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A Narrow Escape For Trevaskis

 

During the earlier half of the nineteenth century a smuggler called Trevaskis lived in West Cornwall.  He had aquired more than a local reputation for his success in running goods upon the coast, and in finding safe places for them afterwrds till the danger of discovery was past.  It so happened on one occassion a cargo was expected in a little cove to the West of St Ives, a secluded spot admirably suited for the smuggler's needs. Among the few inhabitants of the valley was the owner of a grist mill, a simple old fellow who had never had any dealings with the smugglers himself, but who, on being approached by Trevaskis, good naturedly gave permission for the storage of some goods on his property.

This was done and all seemed well until a few weeks later when a party of excisemen arrived at the cove.  They immediately began poking about the place, and is so doing discovered a nest of brandy kegs cunningly concealed in one of the old man's furze ricks. The miller, needless to nsay, was terribly upset, dreading the loss of his reputation as an honest man evaen more than the legal consequences of his complicity.  At length, however, in return for a bribe of £200 which comprised his life's savings, he succeded in persuading the King's officer to hush the matter up.

It would appear, however that in the course of the inquiry the miller must have revealed the part which Trevaskis had had in the business, for shortly afterwards the sarcher -the exciseman- hoping no doubt for another fat reward if he succeeded in catching so notorious a smuggler, called on the former and chargede him with what he knew.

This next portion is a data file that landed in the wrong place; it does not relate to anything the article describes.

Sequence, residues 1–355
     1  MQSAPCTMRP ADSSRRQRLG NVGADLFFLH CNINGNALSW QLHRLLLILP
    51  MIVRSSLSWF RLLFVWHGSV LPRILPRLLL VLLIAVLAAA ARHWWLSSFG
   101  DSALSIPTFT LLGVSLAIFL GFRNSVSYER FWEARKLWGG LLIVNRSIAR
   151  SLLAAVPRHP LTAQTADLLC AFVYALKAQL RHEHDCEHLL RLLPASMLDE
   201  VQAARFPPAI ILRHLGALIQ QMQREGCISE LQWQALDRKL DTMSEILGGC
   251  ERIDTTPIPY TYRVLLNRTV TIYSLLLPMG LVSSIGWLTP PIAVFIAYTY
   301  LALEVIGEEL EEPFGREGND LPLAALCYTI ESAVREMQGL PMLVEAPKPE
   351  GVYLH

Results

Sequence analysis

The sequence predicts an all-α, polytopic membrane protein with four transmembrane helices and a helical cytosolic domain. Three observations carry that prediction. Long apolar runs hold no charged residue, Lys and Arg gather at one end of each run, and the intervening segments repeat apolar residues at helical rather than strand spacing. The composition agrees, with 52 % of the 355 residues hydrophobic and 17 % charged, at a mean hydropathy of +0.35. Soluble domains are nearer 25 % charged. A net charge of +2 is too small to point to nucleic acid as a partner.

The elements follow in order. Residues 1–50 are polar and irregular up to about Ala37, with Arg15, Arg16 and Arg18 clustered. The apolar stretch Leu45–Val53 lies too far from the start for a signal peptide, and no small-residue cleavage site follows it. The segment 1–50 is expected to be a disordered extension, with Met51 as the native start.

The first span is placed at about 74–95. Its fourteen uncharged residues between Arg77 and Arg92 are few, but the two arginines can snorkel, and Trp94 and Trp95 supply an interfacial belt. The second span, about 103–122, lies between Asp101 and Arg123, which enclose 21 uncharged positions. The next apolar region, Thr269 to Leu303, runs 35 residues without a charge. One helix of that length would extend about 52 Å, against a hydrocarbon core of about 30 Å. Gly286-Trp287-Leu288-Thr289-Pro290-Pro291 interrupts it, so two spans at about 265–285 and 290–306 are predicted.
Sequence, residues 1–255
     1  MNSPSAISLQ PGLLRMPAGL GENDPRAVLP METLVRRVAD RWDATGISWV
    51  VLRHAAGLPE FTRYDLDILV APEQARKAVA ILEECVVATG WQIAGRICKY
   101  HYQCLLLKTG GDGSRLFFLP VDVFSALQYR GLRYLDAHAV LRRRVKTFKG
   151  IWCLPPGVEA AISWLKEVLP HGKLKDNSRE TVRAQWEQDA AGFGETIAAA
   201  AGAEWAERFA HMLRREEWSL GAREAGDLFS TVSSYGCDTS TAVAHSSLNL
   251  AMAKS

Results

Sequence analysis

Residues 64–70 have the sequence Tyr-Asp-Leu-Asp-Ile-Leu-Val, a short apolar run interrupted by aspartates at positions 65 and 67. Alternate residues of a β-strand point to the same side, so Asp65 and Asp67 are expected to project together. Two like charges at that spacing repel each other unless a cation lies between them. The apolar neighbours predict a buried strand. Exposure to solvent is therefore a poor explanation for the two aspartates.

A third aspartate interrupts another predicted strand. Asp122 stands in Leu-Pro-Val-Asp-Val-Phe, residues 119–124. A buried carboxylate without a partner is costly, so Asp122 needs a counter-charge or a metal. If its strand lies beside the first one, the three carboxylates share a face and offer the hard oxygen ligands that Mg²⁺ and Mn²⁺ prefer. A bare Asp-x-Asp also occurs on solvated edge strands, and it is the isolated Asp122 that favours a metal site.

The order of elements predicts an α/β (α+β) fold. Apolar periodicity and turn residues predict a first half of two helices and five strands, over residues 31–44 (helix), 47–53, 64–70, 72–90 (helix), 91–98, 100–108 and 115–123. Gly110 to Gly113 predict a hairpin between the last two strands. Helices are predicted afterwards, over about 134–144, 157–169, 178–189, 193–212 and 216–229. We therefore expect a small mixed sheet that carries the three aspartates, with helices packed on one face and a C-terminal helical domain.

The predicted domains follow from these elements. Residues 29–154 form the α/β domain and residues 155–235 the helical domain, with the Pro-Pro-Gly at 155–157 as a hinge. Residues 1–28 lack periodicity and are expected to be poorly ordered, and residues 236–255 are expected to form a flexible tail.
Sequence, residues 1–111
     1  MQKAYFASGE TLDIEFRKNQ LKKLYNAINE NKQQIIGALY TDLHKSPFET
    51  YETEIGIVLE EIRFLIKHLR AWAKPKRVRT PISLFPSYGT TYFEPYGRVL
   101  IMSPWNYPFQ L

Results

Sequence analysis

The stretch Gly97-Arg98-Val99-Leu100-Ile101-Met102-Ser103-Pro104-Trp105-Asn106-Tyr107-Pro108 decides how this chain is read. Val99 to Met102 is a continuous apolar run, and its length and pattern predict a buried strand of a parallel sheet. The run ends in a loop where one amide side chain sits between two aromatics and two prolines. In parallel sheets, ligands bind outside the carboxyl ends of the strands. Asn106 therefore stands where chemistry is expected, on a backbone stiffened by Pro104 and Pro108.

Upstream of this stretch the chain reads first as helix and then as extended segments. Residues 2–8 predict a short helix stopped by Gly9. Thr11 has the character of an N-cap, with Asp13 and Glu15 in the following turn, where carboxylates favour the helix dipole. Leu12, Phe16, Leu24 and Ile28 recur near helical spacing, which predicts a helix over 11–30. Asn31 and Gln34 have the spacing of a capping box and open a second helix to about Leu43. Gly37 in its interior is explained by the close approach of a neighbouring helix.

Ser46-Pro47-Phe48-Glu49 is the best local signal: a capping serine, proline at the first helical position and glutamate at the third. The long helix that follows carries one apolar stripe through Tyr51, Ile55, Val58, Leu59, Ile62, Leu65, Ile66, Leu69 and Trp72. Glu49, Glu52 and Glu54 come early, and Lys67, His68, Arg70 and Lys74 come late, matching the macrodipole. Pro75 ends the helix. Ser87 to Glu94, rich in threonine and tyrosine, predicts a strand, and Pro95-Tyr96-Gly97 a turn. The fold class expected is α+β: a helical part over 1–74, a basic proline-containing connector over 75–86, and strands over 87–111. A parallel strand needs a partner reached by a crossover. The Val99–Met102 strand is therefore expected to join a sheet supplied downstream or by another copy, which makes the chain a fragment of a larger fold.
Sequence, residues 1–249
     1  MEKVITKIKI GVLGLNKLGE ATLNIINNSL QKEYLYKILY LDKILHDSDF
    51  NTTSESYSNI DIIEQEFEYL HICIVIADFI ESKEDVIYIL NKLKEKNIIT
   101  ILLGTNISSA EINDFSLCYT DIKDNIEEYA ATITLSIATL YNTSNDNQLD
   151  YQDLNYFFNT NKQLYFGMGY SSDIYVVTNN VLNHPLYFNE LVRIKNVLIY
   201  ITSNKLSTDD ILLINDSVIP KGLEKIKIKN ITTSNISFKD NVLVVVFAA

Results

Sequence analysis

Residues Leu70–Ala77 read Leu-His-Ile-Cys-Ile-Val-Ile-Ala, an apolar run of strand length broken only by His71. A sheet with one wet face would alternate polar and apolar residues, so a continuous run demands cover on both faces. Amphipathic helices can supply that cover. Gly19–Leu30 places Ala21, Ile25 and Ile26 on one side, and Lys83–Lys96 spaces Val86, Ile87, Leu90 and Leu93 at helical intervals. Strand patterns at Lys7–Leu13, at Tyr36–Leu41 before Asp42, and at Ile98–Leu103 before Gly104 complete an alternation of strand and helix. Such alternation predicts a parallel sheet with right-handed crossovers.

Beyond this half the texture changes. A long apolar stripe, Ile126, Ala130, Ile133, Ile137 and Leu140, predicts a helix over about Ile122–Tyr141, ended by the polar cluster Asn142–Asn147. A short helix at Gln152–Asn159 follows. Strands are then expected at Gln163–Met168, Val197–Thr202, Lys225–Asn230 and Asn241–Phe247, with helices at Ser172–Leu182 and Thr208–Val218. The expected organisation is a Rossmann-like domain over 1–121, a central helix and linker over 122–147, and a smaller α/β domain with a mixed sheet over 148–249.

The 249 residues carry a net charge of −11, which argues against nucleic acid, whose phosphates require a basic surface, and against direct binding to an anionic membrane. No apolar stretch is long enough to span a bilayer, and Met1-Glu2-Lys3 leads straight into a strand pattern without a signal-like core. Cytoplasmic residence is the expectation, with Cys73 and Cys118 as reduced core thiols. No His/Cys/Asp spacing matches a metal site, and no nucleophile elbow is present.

The smuggler being of a very different type from his confederate, told the exciseman bluntly that he 'warn't going to pay no bribe' and that 'they could put him up to Bodmin (the assize town) if they'd a mind to'.  To Bodmin, accordingly he had to go, accompanied by the exicesman, who no doubt felt in high spirits.  At Hayle the couple boarded the train at the little station that may still be seen in Foundry Square, beneath the arches of the more modern railway line.  Passing along under Clifton Terrace, and bthrough the grounds of the  Penmare House, the train at length reached the foot of Steamer's Hill, near Angharrack, where a stationery engine at that time pulled the trucks up a steep incline to a point near the present Gwinear Road station.  On thios occassion, however, the train had not got more than half way up the incline when the wire rope attached to the front carriage parted.  Back rushed the trucks, gathering terrible speed, till finally, reaching the bottom they crashed into a bank and overturned.

Strange to relate, few of the passengers were seriously hurt and only one was killed, that one being the exciseman!  With no one whop could now act as a witness against him, Trevaskis took his own release and returned home, amidst universal triumph, to his own village.